Agreement also reached with State of Oregon
RICHLAND, Wash. – With the ongoing construction of the Waste Treatment Plant (WTP) in the background at the Hanford Site, Attorney General Rob McKenna joined Energy Secretary Steven Chu, Washington Governor Chris Gregoire, Oregon Governor Ted Kulongoski, U.S. Senators Patty Murray and Maria Cantwell, acting U.S. Assistant Attorney General John Cruden and other officials today to announce a proposed legal settlement that will impose a new, enforceable and achievable schedule for tank waste cleanup at the Hanford Site in southeastern Washington.
“I'm proud to join my fellow state and federal leaders in announcing this settlement which includes firm timelines for Hanford cleanup that are directly enforceable by the court," McKenna said. "By confirming its accountability for cleaning up this deadly waste, the federal government honors the Tri-Cities' contribution to defending our country from World War II though the end of the Cold War.”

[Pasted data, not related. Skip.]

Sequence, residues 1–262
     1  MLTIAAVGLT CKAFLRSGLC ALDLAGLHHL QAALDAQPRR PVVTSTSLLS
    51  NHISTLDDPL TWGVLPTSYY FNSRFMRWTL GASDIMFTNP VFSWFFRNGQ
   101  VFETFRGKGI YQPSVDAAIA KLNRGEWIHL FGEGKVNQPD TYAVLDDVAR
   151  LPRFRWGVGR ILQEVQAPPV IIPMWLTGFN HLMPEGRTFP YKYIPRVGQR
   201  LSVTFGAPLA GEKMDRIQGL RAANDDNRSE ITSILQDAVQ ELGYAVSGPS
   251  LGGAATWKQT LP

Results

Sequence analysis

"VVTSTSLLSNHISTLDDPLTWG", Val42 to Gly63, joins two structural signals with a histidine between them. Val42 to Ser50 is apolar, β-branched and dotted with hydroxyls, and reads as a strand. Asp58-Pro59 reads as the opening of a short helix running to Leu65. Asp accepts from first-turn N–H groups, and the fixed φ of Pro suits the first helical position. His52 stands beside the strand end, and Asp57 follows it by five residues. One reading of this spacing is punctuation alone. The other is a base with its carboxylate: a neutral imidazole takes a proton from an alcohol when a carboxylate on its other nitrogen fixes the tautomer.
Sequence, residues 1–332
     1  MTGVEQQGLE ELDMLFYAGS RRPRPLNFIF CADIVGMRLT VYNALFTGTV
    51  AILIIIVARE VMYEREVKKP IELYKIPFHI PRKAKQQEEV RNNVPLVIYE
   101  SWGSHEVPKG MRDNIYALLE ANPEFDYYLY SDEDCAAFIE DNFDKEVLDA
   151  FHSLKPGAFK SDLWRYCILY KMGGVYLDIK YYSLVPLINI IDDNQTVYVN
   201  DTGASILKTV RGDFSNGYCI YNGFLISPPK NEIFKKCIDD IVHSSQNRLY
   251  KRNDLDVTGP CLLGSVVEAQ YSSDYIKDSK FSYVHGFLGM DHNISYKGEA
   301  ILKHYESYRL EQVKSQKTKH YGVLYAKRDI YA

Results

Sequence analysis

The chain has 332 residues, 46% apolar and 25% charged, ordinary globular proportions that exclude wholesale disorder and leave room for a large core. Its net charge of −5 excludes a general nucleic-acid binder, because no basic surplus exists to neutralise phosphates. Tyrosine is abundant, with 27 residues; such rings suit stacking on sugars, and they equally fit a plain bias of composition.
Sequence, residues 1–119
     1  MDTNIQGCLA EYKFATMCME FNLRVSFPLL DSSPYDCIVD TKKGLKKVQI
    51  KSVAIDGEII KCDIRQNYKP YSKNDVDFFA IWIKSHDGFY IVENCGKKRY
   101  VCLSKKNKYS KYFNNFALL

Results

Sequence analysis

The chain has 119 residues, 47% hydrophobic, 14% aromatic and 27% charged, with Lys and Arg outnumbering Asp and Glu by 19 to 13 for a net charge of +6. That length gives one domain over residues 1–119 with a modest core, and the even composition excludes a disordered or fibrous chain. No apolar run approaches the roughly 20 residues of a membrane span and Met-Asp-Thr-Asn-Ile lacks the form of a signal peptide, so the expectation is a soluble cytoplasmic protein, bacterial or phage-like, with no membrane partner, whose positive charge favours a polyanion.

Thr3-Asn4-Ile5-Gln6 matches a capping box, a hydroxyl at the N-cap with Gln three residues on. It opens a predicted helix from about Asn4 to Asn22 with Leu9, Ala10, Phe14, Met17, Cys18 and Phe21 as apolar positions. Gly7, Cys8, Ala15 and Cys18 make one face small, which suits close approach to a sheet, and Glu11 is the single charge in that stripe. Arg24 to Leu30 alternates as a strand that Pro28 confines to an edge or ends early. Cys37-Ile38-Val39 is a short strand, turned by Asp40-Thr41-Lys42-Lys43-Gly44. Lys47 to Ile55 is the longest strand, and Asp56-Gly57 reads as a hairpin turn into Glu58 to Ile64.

The Washington state and federal officials announced a proposed judicial consent decree that will be filed in federal court, then be subject to a public comment period. The proposed consent decree between the Department of Energy (DOE) and Washington will set a new and achievable schedule for construction and startup of the WTP and the retrieval of waste from the large underground single-shell storage tanks at Hanford. Hanford currently stores 53 million gallons of radioactive and chemical waste in 177 underground tanks at the Site. The proposed consent decree settles litigation that was filed by Washington State last November and joined by the State of Oregon in February to compel the Energy Department to complete key aspects of the Hanford cleanup.